How to end the proof

1. Oct 13, 2008

soul

Hi eveyone,

I was trying to prove that for the vector spaces, there is a unique vector that satisfy "u + 0 = u" and I used contradiction technique. The last point that I reached is $$u + 0_1 = u + 0_2$$. However, I don't know whether I can say $$0_1 = 0_2$$ after this statement or there are some other operations that I must do (like this statement needs a proof as well?).

Thank you.

Last edited: Oct 13, 2008
2. Oct 13, 2008

Defennder

??? Why do you need to prove that? Isn't that an axiom that every vector space has to satisfy? Namely that every vector space has a unique zero vector? What axioms do you start off with?

You can "prove" this by noting that along with your last step, -u also exists in the same vector space.

3. Oct 13, 2008

soul

Sorry, I guess I wrote my question wrong. I was trying to prove there is a unique identitiy element in summation and what I did is to select two different vectors and at the end of it, to show they are the same. I used the axiom in the question.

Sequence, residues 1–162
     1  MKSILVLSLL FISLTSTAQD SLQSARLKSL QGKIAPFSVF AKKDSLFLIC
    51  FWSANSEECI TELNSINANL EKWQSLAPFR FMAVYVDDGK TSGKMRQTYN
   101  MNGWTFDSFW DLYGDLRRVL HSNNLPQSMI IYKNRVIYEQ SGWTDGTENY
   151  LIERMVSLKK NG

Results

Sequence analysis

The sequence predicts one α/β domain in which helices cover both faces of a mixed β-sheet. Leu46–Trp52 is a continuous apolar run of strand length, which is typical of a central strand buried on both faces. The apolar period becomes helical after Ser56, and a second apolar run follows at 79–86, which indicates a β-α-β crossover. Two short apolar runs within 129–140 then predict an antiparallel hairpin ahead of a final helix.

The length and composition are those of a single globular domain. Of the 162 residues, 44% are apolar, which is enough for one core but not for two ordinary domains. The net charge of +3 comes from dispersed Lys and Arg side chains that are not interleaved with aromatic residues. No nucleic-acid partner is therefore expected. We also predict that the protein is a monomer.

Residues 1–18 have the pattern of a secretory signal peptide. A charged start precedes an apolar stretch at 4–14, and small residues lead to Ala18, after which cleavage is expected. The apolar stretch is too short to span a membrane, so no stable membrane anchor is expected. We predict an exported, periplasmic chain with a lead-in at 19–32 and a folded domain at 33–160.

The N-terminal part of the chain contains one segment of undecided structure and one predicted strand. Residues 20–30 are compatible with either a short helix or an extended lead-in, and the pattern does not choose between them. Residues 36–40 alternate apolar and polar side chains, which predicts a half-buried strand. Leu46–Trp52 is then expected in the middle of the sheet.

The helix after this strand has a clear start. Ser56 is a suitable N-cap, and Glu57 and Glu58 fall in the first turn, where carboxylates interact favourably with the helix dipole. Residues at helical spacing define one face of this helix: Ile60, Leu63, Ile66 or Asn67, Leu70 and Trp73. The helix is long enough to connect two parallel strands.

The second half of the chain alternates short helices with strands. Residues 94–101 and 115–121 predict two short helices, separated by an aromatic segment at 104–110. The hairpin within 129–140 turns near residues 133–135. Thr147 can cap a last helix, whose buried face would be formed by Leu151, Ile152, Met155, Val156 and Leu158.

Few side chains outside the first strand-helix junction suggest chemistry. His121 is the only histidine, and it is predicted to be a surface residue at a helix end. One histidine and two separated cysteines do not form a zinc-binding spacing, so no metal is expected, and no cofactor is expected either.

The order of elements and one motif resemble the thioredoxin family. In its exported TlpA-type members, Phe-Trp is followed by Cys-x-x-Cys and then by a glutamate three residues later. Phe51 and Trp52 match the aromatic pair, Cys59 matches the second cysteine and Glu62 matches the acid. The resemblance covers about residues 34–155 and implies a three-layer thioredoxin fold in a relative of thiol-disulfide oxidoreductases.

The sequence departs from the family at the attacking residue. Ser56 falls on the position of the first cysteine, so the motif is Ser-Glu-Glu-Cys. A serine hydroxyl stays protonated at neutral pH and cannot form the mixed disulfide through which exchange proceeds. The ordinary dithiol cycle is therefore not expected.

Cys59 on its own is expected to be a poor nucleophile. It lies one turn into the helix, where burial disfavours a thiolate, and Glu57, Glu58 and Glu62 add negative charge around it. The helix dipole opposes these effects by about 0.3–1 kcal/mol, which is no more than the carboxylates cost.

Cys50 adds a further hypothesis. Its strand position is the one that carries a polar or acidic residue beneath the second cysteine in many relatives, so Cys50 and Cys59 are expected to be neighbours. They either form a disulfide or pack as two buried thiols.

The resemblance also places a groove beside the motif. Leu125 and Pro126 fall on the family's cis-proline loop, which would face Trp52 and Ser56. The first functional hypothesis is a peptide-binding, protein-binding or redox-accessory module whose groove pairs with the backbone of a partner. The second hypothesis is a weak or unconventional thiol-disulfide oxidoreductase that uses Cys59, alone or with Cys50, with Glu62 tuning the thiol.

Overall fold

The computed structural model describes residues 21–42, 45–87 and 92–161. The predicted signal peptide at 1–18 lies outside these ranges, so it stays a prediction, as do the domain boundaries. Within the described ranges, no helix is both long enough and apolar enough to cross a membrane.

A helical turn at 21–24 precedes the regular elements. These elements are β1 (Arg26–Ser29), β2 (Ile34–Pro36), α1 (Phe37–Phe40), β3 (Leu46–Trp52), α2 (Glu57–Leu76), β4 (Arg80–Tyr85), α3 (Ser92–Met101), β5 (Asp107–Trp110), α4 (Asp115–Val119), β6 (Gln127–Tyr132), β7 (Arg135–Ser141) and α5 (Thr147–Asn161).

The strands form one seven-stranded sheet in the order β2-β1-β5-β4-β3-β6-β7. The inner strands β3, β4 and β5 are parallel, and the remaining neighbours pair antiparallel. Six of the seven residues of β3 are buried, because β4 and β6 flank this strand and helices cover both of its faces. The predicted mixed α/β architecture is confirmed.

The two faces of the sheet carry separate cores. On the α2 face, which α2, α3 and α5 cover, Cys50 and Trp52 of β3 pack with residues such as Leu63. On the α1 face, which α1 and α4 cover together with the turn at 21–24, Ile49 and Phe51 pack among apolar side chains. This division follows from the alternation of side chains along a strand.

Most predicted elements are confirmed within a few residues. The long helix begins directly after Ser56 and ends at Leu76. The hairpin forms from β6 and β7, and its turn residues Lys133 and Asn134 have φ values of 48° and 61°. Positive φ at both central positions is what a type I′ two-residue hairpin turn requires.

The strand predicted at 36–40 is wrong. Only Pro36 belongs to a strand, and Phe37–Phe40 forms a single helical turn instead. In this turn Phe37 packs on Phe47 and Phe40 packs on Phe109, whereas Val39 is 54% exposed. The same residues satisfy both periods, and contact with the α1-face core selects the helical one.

4. Oct 13, 2008

HallsofIvy

Staff Emeritus
Uniqueness of the identity is an axiom in groups but can be proved in a vector space.

5. Oct 13, 2008

d_leet

Is this true? Almost every group theory book I have looked at proves the uniqueness of the identity as a theorem.

6. Oct 13, 2008

JasonRox

The axioms say there must exist a zero vector. It does not say it is unique or must be unique. You prove that it is unique if there exists such a vector.

7. Oct 15, 2008

Jang Jin Hong

It is impossible to reply. You do not said definition of the vector space, and do not said about preceding procedure.